The Leviticus Priest, rather than clergy, had been set apart for a special purpose to minister in the temple service. You could think of them as actors in a heavenly drama. They symbolize both angels serving in the heavenly temple as well as God’s people who are to serve as priests on earth.
There were 3 main parts within the Holy Place:
1) Table For Shew Bread
The table for shew bread held 12 loaves of bread (one for every tribe of Israel). This represented fellowship with God as meals are one of the primary means of fellowship. It also represents the covenental relationship of God with his people as a covenant was celebrated by sharing a meal.
2)Golden Lamp stand/Menorah Exodus 25:31-40
The Menorah was a lamp stand with 7 cups that had to have olive oil burning at all times. The olive oil was supplied by the common people but the priest were responsible for making changining the wicks and making sure the oil did not run out.
This represents the presence of God. In Zecheriah 4:10 they are called the “7 eyes of the Lord”, and in Revelations chapter 1:20 it is said to represent Jesus’ presence in the 7 churches. When God removes his presence (as mediated through arch angels) from the churches he says he removes his lampstand.
Revelation 4:5 also refers to it calling these the 7 spirits of God.
3)Alter of Incense
Two sections in Revelation give us insight into the symbolism of the incense:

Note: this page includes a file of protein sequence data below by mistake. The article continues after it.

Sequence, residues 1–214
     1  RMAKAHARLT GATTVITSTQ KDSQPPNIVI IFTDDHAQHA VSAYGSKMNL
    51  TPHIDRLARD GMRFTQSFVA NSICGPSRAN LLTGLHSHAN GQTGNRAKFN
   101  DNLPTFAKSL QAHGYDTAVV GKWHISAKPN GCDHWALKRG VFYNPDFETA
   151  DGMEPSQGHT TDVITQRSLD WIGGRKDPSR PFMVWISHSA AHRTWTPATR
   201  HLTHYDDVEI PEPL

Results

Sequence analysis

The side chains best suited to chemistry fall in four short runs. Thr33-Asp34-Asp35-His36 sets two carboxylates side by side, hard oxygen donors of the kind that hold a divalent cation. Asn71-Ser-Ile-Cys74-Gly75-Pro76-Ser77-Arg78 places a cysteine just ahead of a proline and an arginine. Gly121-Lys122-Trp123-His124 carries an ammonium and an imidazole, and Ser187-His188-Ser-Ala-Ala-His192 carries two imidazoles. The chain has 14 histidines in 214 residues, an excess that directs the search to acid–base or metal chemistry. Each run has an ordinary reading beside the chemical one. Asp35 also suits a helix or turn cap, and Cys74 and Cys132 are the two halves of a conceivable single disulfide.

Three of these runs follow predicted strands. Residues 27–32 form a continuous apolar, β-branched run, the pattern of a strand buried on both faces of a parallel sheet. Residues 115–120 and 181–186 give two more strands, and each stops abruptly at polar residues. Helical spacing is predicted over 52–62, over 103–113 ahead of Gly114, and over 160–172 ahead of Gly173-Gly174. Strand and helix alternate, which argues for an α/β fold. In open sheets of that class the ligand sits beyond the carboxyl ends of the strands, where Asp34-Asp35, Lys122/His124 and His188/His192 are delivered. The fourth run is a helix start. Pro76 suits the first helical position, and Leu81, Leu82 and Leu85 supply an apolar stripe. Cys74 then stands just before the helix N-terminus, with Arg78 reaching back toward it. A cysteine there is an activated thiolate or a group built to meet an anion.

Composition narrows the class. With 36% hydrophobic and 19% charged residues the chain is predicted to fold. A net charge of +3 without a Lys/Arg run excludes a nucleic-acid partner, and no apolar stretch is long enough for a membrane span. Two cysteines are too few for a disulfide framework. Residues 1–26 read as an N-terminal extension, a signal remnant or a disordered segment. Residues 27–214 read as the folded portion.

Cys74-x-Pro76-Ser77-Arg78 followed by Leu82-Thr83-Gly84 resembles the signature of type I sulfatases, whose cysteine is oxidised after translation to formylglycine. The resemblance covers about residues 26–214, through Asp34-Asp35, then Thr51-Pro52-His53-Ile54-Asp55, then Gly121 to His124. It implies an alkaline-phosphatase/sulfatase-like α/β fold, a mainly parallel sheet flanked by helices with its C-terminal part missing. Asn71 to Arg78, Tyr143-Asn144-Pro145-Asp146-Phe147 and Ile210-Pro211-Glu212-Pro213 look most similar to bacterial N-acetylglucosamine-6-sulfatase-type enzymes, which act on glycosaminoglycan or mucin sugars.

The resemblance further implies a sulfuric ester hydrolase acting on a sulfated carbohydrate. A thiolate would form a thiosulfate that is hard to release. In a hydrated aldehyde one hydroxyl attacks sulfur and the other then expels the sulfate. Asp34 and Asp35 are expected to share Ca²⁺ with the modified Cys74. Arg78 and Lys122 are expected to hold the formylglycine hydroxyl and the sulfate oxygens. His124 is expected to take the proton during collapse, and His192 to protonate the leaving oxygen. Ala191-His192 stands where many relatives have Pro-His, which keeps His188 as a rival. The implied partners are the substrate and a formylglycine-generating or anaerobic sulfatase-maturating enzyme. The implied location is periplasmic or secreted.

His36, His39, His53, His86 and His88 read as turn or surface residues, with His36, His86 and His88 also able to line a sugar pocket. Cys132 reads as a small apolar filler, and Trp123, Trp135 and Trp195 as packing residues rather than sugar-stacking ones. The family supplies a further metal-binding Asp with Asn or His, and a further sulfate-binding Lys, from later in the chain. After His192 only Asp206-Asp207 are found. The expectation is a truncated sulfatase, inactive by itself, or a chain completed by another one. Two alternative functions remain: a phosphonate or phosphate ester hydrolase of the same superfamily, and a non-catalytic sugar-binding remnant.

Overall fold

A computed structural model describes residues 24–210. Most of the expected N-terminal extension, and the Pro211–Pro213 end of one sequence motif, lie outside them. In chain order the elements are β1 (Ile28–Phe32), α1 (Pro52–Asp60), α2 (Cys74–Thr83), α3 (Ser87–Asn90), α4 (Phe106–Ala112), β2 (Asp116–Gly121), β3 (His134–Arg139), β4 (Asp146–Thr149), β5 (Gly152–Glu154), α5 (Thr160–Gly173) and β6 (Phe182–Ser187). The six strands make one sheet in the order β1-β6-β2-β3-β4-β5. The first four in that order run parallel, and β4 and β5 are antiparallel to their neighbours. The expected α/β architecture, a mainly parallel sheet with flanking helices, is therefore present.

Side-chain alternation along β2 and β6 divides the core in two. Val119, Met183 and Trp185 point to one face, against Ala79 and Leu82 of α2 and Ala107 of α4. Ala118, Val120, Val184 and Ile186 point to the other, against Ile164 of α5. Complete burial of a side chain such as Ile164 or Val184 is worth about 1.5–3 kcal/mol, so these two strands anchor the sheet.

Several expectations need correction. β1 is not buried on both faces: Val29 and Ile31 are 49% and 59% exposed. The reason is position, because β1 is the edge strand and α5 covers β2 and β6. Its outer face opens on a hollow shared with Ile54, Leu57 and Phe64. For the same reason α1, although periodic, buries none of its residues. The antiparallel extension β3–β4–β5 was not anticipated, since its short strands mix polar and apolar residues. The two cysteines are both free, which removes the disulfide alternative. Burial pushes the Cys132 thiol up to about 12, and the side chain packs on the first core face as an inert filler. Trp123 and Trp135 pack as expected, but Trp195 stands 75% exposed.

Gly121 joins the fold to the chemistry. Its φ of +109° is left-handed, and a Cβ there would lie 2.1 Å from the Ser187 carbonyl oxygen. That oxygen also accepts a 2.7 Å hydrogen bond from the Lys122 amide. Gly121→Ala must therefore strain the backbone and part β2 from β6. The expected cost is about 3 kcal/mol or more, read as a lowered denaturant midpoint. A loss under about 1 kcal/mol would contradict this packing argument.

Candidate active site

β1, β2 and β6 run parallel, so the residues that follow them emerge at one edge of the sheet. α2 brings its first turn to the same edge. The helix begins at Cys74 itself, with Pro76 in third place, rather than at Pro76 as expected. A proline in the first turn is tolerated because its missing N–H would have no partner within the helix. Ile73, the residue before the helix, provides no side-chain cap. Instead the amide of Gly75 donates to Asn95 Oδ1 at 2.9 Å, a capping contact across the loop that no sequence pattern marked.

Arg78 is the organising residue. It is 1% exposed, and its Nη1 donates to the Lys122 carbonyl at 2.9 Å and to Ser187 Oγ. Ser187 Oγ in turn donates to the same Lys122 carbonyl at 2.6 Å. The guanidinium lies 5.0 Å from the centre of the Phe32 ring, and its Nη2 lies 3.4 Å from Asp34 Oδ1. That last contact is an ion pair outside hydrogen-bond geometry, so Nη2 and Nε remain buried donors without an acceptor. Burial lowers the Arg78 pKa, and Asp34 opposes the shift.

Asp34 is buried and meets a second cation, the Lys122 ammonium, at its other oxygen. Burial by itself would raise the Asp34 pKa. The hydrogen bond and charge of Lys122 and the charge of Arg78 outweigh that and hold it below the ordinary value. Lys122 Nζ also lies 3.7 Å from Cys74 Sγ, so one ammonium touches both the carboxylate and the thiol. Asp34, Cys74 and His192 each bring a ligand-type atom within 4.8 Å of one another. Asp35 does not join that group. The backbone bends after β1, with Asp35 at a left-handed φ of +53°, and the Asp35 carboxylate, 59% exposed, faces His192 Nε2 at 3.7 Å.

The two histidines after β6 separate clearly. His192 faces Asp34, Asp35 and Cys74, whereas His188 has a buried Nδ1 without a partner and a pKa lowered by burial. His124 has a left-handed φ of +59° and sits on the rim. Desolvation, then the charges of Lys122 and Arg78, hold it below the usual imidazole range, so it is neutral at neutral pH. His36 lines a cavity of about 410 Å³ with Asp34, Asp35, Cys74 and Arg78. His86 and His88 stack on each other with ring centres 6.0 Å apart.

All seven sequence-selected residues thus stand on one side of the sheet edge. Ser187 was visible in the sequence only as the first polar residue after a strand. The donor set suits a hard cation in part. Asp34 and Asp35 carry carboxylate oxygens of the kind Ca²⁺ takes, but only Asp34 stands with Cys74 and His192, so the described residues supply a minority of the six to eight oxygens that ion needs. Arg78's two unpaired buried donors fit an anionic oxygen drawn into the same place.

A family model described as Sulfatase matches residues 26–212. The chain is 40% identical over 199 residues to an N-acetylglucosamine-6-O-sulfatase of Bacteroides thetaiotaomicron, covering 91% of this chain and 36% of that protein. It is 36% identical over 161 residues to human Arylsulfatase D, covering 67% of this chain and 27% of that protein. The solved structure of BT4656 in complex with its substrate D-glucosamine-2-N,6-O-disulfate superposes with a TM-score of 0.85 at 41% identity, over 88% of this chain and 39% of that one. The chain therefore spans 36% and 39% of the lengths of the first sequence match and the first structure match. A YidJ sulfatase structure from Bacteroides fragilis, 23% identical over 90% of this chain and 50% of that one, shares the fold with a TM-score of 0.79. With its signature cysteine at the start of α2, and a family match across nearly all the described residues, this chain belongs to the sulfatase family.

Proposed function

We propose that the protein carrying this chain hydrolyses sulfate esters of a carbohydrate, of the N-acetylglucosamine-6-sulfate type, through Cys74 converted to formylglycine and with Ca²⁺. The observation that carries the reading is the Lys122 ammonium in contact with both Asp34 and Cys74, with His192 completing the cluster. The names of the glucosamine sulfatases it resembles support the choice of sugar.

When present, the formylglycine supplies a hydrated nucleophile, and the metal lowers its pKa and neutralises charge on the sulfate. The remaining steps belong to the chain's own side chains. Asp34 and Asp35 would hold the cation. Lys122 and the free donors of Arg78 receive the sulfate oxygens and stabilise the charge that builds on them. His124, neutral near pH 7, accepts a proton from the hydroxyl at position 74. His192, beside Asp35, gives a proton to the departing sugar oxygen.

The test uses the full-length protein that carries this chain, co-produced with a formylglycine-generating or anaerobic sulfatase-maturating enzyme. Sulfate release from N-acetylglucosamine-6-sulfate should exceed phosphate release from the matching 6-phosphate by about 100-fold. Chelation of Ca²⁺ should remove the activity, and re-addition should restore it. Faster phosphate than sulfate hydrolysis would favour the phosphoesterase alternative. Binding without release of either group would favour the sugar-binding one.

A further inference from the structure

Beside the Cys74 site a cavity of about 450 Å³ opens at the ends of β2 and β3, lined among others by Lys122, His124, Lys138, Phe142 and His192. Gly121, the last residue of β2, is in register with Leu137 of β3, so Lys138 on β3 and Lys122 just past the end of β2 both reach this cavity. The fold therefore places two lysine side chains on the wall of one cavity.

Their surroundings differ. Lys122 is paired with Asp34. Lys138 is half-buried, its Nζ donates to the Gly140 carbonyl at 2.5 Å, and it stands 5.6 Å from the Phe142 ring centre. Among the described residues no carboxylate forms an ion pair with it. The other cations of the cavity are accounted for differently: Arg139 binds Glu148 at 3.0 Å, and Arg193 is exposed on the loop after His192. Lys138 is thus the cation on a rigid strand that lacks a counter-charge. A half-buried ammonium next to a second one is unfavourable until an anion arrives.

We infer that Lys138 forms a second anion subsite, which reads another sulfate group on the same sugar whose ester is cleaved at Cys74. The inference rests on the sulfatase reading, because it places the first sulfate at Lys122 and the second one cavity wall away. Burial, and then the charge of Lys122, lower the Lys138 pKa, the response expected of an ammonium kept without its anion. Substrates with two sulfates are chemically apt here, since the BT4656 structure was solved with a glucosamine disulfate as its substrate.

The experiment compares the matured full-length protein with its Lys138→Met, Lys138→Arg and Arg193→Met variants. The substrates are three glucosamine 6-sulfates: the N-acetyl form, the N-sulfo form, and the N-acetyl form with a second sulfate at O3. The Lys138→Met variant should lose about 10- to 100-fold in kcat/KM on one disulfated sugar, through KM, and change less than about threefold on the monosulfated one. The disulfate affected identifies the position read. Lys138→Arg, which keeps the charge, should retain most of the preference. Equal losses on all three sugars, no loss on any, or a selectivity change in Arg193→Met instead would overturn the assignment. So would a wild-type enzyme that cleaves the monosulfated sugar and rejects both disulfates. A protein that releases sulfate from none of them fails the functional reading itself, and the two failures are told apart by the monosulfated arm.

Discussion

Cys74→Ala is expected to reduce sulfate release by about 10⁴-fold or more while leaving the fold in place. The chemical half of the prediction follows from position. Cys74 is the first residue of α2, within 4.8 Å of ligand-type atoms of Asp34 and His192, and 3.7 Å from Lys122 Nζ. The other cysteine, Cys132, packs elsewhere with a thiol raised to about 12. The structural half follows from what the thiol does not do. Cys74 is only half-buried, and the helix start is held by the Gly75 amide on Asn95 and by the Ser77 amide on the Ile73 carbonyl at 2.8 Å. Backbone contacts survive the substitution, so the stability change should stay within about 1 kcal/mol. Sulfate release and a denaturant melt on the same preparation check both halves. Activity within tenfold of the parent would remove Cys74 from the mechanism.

And when he had taken the scroll, the four living creatures and the twenty-four elders fell down before the Lamb, each holding a harp, and golden bowls full of incense, which are the prayers of the saints. (Revelation 5:8)
And another angel came and stood at the altar with a golden censer, and he was given much incense to offer with the prayers of all the saints on the golden altar before the throne,” (Revelation 8:3)
Here we see that the incense represents prayers of God’s people. Offering up the incense was the most coveted job of a Levitical priest as it was the closest they ever got to the Holy of Hollies. This is what Zechariah was doing when an angel appeared to him and told him his wife would give birth to John the Baptizer.
Holy of Hollies
The Holy of Hollies was the place where God’s very presence dwelt in the same way it had dwelt in the Garden of Eden. This was the throne room of God on earth, and the place where heaven and earth were perfectly one.
This represents the third heaven, or eternity, it also represents a man’s spirit (his eternal part).
Only the high priest could enter here and only once a year on the Day of Atonement.
The high priest, represented Jesus, or the angel of the Lord.
In the Holy of Hollies had inside of it:
The ark of the covenant, and on the ark of the covenant was the Mercy Seat, which represented the very throne of God.
Inside of the ark of the covenant, was the following 3 items:
1)the stones that God had written the 10 commandments
This represents the Father who is the very character of God.
2)the budding staff of Aaron
This represents the Spirit who is the life of God.
3)The Manna that had been given in the wilderness
This representing Jesus, the bread of Life, the very substance of God.